Why use a planning calendar? I know lots of people like to keep an electronic calendar these days, and I certainly utilize them myself. But when I'm planning a trip, I prefer pencil and paper. It helps me keep my vacation planning in one spot and I can keep it separated from my "real life" as much as I need to.

What I add to my Disney Planning Calendar:
  • Our trip dates - departure, park dates, and return
  • ADR date (The first day I can make ADRs)
  • FP+ date (The first day I can make FastPass+ selections)
  • Last day to customize our Magic Bands
  • Final day to pay our Disney vacation balance
Those are also the things I add to my "real life" calendar. There's no way I want to miss any of those dates!

Here are some other things I add to my planning calendar:
  • I number the weeks backward from our trip, like a countdown. This helps me keep in mind how much time I have left.
  • Any major "real life" dates that I think are important to planning.
  • Tasks and goals for myself - making sure I know which FP+ selections I want before that date actually rolls around.
  • As we get closer to the trip, I add more details and even write notes and task lists at the top of the calendar.
  • Movie countdown list and schedule.

Need some other printables or downloads to help with your planning? Here are some more we offer:

Dining Credit Planner - need a visual way to help you decide how to spend your Dining Plan credits? Check this out!
ADR Planner - keep track of your ADR details in one place.
Trip Overview - want to see your whole trip at a glance? Try this Trip Overview!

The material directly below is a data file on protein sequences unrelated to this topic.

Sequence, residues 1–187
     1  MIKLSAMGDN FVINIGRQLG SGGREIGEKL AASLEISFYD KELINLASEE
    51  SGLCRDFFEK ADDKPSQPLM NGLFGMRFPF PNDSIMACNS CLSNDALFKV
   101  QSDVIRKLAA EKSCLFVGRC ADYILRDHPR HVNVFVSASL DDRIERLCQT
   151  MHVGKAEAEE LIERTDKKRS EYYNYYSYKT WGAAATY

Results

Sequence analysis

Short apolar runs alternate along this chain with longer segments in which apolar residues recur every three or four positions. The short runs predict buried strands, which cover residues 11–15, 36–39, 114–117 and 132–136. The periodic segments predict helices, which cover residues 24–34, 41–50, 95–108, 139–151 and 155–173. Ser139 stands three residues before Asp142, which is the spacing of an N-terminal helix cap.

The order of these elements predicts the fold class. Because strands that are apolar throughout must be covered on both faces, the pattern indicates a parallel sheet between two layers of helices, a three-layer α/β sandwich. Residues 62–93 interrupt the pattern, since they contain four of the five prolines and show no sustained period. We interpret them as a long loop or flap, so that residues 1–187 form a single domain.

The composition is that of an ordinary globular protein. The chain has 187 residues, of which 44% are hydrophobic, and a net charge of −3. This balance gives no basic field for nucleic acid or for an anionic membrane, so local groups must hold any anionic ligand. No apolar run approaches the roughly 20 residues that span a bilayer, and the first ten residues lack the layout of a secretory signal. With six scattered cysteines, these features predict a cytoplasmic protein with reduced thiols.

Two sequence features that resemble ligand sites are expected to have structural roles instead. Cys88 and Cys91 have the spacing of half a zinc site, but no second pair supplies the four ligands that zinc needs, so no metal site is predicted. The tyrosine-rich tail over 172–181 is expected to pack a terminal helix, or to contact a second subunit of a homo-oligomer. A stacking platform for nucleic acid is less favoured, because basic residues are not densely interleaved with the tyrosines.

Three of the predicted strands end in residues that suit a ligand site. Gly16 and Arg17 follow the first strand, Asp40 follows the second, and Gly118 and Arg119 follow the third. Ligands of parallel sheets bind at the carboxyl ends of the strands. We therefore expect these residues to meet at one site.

At Real Mom's Disney, our goal is to help you find the resources you need to make your trip planning easier. Let us know how we can help you!

Friday, August 14, 2015

Disney Basics: How to START Planning

by: Jenna


One of the most common questions we hear is this:

"Where do I start? Disney planning just seems SO overwhelming!"

To be honest, you're right! It is overwhelming! One of our missions here at RMD is to simplify the process and help you plan a stress free trip.


If you've decided that you're ready to start planning, here are the basic steps you'll need to take:


PICK A DATE:

What time of the year is going to work the best for you? Is heat a factor? What about crowds? School schedules? Chances are, you already have a time in mind that will work for you.

Once you have your time-frame, (let's say you picked November) then I would recommend looking at what deals might be offered. This is simple! Just visit Disney's special offers page (click here) and see what's available. Keep in mind that you can usually add on offers to existing trips, so if you book something before an offer comes out (like free dining or 30% off room rates) you can call them and they'll apply it to your total. You can find a how-to on that here!

PICK A PLACE:

Once you have your dates picked out, you'll need to pick a place. We've written articles on staying on-site vs off-site as well as reviews (like this one on Animal Kingdom Lodge) on some Disney hotel properties. I'd recommend reading those if you're unsure of what you'd like to do.


My personal recommendation is to stay at a Disney property. The short answer is that you don't "lose the magic" by leaving. We stayed offsite the first time we went because it was planned on super short notice, and we will never do that again!

CALL DISNEY:

Call Disney! Let them help you book your trip. They'll also explain some of the other Disney basics, like making it a package deal with tickets or offering dining suggestions.

MARK YOUR CALENDAR:

If you are more than 180 days out from your trip, mark your calendar for important dates. Just visit My Disney Experience and put calendar reminders in your phone for the dates when you can book dining and fastpasses. If you've never used My Disney Experience, it's super easy! Here is a step by step tutorial on how to find what you're looking for.

ADVANCED STEPS:

Once you've got the basics down, you can start thinking about some of the more advanced Disney topics. We can help you there too! Here are some quick links:

Advanced Dining Reservations

Booking FastPasses